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Saturday, May 28, 2005

The IT Software Evolution

Is the enterprise software business dying? Is anybody out there buying new licenses? Based on data coming in the past few weeks, it seems that there are very few buyers.The collapse of new licensing revenue isn't news - it started five years ago- but the latest news makes it look like a permanent and accelerating fact of life for software vendors. The CIO of British Petroleum said in a sandhill conference that out of a $2B IT budget, only $30M is allocated for new software licenses.
Mike Kinkead, serial software entrepreneur and one of the founders of the Massachusetts Software Council recently moderated a strategy session for the council to figure out the way forward, and his conclusion was that the traditional enterprise software business is dying. That doesn't mean that the software business as a whole is dying, but it has shifted permanently to new revenue models. He asked : "What big software company came out of the Internet boom? Netscape is dead." He pointed out that the big winners, like Google and eBay, are users of software, not vendors. We still buy a lot of software, embedded in devices and services, but we don't buy it as licenses.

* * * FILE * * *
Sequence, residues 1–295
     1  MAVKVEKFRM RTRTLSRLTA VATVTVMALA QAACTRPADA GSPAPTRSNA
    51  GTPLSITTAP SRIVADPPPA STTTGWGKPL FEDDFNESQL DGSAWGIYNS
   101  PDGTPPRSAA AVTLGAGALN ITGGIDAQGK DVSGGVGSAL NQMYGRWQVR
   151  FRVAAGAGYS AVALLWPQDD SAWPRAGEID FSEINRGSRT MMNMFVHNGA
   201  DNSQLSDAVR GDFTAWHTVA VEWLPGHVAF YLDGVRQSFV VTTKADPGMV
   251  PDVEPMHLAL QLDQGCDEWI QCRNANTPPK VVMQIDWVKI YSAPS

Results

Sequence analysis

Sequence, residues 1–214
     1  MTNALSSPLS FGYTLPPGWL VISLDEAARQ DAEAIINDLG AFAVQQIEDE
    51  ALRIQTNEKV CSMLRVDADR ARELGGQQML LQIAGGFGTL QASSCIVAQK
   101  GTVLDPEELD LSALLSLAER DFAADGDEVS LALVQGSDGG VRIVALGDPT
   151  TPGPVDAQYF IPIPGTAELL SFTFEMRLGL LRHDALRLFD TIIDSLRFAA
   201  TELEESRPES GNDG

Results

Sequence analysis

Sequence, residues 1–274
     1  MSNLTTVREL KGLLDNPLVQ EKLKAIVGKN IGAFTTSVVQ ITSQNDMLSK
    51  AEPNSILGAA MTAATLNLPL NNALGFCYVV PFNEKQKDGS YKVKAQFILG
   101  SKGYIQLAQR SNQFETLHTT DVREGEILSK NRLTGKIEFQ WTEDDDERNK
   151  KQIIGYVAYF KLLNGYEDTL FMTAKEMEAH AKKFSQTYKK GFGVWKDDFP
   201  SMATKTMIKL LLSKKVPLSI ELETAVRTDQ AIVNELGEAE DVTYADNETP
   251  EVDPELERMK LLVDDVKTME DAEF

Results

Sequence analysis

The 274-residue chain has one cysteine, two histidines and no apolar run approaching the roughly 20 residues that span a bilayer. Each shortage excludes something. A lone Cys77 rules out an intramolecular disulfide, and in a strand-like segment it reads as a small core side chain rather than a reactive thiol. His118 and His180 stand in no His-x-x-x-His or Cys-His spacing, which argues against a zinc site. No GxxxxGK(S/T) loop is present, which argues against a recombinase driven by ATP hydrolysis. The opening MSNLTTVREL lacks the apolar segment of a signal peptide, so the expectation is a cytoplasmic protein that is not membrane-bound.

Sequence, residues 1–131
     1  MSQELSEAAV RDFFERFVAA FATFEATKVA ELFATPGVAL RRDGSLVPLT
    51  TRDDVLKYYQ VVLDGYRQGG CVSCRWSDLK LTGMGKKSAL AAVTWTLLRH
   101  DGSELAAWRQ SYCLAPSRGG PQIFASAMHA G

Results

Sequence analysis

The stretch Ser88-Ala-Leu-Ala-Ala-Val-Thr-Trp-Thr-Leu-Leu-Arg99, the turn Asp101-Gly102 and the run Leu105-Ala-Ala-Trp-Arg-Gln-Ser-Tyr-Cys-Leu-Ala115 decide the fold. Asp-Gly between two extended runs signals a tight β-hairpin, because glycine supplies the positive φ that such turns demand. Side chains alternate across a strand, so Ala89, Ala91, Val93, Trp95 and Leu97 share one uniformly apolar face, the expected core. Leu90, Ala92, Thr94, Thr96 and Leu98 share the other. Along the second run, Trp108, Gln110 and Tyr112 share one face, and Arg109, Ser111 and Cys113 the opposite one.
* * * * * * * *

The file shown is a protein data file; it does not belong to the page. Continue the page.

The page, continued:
Enterprises still need software, and lots of it, to run their operations, but they are buying few new licenses. Part of the story is that the market is mature and buyers have enough software already. Part of the story is that offshore outsourcing makes it cheaper to build your own.Erik Keller was perhaps the first to talk about the return of the build.I believe that traditional enterprise software companies still can deliver a lot of value.However, we need to figure out new packaging and revenue models for them. The new-license business is hardly paying its cost of sales, so a lot of people are spinning their wheels on long sales cycles, rather than innovating and delivering.
Paul Kedrosky feels that it isn't so much that people aren't using software, or even new operating systems.They are.It's just that such things are now buried in services that insulate us from the messy old 1990s business of enterprise software. He ay be closer to truth. We are seeing a trend where enteprises want to extend on existing software systems with new module rollouts or build components as add-ons.

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"All views expressed are my personal views are not related in any way to my employer"